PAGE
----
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Senate Democrats unveil privacy bill

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HomeLatest Platform NewsCommunication & CollaborationSenate Democrats unveil privacy bill

WASHINGTON – Democratic senators proposed legislation on Tuesday that would set penalties for online companies like Alphabet Inc’s Google and Facebook Inc if they mishandle users’ personal data.

The measure comes at a time when the lustre of the Big Tech platforms, once praised as one of the most dynamic parts of the US economy, has faded because of data breaches and discomfort over what information about people is being collected and what it is used for.

The proposed bill, called the Consumer Online Privacy Rights Act, would allow people to see what information is collected about them, require that it be deleted and prevent its sale. It also allows consumers to file lawsuits if online businesses break rules.

Companies would also have to get a consumer’s permission to share any sensitive data, which the bill defines broadly enough to include location, biometrics, email address or telephone number.

“The key thing is that obviously you have to have privacy rights. It should be clear and you should know what they are,” Senator Maria Cantwell said in an interview.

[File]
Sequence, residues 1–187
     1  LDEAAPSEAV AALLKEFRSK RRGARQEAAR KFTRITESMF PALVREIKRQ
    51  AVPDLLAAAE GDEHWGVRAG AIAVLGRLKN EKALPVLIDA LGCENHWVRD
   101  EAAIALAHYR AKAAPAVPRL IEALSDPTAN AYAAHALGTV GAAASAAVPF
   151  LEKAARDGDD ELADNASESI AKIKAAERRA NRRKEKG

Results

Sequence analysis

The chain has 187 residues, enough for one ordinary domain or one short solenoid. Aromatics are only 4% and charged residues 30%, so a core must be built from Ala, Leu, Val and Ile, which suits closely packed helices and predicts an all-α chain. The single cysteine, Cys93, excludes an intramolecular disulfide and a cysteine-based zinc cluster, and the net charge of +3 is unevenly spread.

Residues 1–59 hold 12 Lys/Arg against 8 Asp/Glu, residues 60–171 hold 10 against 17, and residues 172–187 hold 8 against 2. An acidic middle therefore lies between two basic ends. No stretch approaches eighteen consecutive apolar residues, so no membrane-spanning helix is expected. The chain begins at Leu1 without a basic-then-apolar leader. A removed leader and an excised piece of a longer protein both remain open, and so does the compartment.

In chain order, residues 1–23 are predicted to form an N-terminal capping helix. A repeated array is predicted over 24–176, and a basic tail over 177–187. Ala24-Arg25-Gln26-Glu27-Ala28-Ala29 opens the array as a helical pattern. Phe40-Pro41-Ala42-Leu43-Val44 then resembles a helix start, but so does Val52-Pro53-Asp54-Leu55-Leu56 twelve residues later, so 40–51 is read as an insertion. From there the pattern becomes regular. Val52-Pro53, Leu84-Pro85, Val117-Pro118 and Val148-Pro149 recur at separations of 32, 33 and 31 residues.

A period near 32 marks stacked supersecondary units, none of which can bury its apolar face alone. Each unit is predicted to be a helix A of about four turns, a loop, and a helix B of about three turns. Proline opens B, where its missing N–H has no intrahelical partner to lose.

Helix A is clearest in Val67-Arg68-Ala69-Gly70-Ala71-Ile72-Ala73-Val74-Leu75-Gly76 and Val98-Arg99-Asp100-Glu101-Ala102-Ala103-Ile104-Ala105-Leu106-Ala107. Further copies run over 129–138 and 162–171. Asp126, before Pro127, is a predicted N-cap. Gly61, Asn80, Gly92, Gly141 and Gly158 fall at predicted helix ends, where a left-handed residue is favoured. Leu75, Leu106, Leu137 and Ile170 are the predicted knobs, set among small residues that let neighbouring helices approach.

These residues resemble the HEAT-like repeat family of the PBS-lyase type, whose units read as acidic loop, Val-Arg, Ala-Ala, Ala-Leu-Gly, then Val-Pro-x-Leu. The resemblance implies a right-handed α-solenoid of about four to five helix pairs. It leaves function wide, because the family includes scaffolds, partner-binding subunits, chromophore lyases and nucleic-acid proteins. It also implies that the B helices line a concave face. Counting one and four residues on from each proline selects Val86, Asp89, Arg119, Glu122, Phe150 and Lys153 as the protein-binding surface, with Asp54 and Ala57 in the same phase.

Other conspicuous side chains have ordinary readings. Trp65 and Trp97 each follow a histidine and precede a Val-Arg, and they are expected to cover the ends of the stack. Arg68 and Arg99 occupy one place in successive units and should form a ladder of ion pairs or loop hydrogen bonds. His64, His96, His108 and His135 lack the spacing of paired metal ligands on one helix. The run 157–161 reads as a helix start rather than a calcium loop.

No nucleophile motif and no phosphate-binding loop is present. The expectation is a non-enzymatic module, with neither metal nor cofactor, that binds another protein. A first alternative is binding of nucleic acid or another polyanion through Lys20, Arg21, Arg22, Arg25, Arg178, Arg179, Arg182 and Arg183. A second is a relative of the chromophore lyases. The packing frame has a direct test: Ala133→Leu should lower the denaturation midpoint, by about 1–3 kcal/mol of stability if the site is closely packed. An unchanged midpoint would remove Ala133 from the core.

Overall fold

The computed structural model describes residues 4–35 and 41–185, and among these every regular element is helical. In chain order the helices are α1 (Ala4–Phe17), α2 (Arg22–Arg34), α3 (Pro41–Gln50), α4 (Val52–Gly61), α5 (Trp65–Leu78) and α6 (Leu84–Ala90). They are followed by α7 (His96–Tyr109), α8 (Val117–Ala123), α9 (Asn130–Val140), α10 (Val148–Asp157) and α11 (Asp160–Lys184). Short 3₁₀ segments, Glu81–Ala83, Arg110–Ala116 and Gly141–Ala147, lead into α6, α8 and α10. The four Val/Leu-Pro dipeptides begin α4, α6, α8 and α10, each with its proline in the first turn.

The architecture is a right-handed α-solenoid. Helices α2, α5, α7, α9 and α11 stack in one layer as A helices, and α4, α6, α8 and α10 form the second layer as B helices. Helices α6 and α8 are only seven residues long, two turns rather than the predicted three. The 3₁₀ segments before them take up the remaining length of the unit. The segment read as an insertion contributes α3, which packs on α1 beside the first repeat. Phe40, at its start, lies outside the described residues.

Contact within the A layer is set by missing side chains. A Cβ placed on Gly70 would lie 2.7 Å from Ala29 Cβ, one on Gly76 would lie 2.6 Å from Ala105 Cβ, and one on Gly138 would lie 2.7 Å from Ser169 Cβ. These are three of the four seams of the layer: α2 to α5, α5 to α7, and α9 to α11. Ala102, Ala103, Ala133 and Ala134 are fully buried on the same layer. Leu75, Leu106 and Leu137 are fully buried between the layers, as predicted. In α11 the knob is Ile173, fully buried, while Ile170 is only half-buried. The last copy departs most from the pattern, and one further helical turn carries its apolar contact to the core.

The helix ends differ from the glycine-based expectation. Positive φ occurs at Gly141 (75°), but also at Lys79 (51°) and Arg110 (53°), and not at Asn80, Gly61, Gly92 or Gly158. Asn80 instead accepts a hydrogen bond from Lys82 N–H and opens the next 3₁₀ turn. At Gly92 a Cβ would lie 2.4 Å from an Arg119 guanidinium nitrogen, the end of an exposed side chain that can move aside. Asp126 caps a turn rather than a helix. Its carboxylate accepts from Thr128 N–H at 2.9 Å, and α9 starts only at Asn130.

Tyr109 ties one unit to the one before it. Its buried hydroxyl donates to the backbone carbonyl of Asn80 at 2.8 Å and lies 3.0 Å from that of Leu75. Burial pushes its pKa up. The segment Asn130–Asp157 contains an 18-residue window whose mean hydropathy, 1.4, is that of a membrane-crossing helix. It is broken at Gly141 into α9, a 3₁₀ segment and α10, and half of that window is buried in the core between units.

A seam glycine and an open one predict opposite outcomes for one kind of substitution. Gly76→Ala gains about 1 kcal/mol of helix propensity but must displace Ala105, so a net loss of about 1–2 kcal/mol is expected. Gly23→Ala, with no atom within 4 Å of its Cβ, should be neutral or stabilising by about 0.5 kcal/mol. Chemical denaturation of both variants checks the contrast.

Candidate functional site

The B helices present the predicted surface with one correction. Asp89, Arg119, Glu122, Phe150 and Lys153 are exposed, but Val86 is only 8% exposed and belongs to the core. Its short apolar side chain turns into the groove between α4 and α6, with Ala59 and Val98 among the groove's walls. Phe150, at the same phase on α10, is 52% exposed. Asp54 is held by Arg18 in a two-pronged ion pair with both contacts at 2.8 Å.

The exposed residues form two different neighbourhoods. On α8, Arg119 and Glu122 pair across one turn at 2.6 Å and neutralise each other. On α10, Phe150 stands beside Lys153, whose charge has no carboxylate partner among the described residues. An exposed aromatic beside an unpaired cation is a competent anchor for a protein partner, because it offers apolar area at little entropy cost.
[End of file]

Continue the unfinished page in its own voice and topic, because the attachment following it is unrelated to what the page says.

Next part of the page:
Federal privacy legislation has been expected because of industry concern over California’s new privacy law, and the prospect of other states passing measures that effectively create a patchwork of different rules across the country.

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Cantwell said that her proposed bill spelled out what Democrats wanted in a privacy law. “We are in discussions with Republicans,” she said.

In addition to Cantwell and Senator Amy Klobuchar, the bill is backed by Senators Brian Schatz and Ed Markey. The bill will be introduced when the Senate comes back from recess, a Cantwell aide said.

Under the measure, a new office within the Federal Trade Commission would enforce new privacy rules. It would be allowed to fine companies for privacy violations. The fines were not spelled out by the bill.

Cantwell’s bill has similarities with California legislation, and would leave that law intact.

(Reporting by Diane Bartz; editing by Jonathan Oatis)